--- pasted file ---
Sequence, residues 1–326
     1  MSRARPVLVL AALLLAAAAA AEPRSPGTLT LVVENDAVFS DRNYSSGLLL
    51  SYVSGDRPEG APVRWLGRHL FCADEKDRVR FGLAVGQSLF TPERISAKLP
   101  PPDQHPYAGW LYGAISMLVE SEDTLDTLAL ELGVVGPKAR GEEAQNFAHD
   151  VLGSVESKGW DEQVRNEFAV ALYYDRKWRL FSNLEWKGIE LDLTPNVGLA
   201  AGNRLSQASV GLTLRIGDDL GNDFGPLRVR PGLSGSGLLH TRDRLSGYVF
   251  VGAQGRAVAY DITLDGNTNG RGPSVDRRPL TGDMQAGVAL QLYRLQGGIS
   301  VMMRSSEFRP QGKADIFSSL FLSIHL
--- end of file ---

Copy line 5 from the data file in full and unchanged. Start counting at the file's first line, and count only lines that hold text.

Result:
   151  VLGSVESKGW DEQVRNEFAV ALYYDRKWRL FSNLEWKGIE LDLTPNVGLA